Chef Renetto-Mario Etsitty of Tertio Winebar Tells the Story of Hunger and Defines Fry Bread
This is part two of our interview with Chef Renetto-Mario Etsitty of Tertio in Phoenix. Today he tells the Navajo story of hunger, shares his favorite childhood cooking memory and gives his not-so-gentle thoughts on cilantro. If you missed the first part of this week's Chef and Tell in which he explained how he got started hosting monthly First Friday feasts for local artists and community members, you can read it here.
Lauren Saria Chef Renetto-Mario Etsitty and owner/chef Virginia Senior of Tertio
One dish to sum up your cooking style: Paella, a rustic Valencian rice dish that is slowly cooked over an open fire with a variety of ingredients including meats, veggies, and saffron. A dish often shared with friends on a dazzling night under the stars.
Where does your inspiration come from?: My grandmother provided me with many lessons to survive in this world. She has given me the tools to transcend the boundary of the Diné homeworld, to be culturally ambidextrous and innovative, all for the love of family and community.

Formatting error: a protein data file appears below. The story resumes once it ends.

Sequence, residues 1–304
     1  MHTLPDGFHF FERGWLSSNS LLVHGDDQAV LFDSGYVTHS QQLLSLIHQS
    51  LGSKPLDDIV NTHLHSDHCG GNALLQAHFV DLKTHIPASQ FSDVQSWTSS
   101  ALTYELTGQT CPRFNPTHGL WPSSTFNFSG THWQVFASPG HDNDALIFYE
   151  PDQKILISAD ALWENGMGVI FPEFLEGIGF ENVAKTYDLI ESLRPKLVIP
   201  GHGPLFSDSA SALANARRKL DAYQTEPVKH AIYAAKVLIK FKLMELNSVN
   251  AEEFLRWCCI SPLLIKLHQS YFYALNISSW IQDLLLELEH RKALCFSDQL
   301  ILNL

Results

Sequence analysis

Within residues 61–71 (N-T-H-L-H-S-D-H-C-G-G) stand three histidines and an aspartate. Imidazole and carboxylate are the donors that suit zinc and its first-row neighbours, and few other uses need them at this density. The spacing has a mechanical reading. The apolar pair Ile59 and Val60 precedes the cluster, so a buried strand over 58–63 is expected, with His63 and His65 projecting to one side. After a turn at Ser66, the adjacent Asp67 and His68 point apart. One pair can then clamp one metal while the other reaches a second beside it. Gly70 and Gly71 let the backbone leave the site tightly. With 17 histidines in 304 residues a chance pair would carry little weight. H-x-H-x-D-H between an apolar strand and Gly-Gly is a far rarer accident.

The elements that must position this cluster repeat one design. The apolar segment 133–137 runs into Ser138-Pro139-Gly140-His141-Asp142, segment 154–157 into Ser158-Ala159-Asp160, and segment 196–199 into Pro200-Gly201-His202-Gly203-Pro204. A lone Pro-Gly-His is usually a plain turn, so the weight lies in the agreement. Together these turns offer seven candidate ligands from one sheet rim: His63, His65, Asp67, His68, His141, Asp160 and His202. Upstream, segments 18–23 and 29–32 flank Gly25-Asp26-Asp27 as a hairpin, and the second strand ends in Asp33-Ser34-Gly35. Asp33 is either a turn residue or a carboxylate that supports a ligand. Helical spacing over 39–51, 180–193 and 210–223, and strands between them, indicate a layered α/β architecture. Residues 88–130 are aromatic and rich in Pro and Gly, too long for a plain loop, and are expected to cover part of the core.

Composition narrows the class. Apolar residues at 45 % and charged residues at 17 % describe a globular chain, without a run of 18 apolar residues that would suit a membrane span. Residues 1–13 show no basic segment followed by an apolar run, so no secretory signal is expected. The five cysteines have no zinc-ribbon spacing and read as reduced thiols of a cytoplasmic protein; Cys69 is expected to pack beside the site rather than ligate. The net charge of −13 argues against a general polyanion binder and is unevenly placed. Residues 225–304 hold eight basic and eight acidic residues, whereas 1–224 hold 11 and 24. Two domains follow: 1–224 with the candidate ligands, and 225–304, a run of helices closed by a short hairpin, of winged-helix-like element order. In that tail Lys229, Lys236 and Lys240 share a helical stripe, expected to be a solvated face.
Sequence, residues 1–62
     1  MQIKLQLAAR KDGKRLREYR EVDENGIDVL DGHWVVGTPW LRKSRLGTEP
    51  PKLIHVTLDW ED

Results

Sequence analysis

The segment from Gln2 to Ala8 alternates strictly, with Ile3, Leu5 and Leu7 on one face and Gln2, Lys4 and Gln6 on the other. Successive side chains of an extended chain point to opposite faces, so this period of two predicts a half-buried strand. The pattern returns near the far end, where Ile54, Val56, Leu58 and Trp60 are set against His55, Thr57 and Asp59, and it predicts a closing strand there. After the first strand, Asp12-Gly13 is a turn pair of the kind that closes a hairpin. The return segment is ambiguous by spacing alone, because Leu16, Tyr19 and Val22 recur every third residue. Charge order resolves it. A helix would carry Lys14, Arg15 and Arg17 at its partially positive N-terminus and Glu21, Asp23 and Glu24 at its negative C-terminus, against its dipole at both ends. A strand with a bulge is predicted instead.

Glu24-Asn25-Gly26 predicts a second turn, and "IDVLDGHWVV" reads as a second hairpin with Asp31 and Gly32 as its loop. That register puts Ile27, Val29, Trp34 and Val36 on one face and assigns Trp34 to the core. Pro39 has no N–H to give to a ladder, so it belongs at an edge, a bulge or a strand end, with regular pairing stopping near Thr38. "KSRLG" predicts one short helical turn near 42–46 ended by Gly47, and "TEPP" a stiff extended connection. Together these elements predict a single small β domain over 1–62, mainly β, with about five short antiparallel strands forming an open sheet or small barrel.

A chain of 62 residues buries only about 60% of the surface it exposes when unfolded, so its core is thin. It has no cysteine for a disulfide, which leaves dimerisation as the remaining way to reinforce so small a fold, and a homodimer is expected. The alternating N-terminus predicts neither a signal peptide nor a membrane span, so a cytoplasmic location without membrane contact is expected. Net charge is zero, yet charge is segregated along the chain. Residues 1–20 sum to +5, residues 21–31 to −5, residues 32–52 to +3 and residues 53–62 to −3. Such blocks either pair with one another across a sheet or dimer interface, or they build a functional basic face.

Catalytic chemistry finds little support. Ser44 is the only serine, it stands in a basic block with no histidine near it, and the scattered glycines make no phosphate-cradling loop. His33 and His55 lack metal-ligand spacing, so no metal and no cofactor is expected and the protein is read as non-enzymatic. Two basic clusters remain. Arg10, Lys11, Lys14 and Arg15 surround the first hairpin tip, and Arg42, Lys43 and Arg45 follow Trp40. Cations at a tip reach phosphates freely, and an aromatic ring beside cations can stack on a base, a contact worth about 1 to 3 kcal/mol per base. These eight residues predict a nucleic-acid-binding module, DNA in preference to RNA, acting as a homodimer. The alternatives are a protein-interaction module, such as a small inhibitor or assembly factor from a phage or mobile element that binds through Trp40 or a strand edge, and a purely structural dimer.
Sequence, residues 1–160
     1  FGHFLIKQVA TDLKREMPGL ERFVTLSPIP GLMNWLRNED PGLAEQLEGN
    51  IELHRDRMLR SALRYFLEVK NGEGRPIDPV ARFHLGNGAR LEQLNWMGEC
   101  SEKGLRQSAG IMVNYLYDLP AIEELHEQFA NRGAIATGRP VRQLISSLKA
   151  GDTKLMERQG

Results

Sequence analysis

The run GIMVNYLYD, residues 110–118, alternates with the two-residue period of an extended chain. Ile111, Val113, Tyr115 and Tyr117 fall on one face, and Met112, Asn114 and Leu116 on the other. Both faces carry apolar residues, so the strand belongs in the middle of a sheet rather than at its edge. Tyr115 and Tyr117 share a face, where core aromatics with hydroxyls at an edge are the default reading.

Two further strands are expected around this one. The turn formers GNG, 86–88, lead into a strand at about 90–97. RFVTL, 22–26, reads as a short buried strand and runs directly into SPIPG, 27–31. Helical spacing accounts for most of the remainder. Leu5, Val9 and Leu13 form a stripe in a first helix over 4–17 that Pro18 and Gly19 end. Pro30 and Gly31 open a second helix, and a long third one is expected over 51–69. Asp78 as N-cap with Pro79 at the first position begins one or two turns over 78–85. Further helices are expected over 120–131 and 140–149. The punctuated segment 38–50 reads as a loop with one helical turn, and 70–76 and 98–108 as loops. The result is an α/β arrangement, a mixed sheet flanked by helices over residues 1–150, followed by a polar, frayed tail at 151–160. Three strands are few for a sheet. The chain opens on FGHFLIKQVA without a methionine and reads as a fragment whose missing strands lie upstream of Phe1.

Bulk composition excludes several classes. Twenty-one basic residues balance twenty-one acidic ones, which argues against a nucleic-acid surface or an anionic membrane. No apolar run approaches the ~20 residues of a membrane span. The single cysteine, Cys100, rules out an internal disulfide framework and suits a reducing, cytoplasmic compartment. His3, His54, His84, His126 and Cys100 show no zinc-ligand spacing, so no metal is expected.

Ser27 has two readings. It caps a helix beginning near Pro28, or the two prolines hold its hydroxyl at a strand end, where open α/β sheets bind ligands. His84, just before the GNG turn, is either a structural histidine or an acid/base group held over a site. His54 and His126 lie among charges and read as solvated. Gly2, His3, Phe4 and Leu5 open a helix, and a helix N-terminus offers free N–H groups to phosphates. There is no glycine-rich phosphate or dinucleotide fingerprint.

Favorite thing about the Phoenix food scene: That there isn't one, or to say that the food scene itself is unmolded, thereby being pliable. That there is opportunity to foster the food scape with our cultural and ethnic diversity.
One thing most people don't know about you: I'm a multimedia artist, with an emphasis in drawing and sculpture. Currently, I have drawings displayed at the Phoenix Ice House.
If you could travel anywhere in the world it would be to: Truly, everywhere. In October 2012 I attended the Salone del Gusto & Terra Madre in Turin, Italy, and now I wish to visit as much of the world as possible and explore the local, native cuisines at their sources. A lot of my interplay with flavors and ingredients is an extension of this desire.
What are you currently reading/watching:
Reading -- A Magic Dwells, a poetic and psychological study of the Navajo emergence by Sheila Moon. A book that evaluates the beauty of the Diné origins in slight comparison to Christian mythology and others.
Watching -- The Snow Walker, a beautiful film about the survival of a maverick white guy and a traditional young Inuit woman. Almost anthropological, the story isn't too sentimental in showing the merging of two worlds finding the will, respect, and cooperation in a disparate struggle to survive.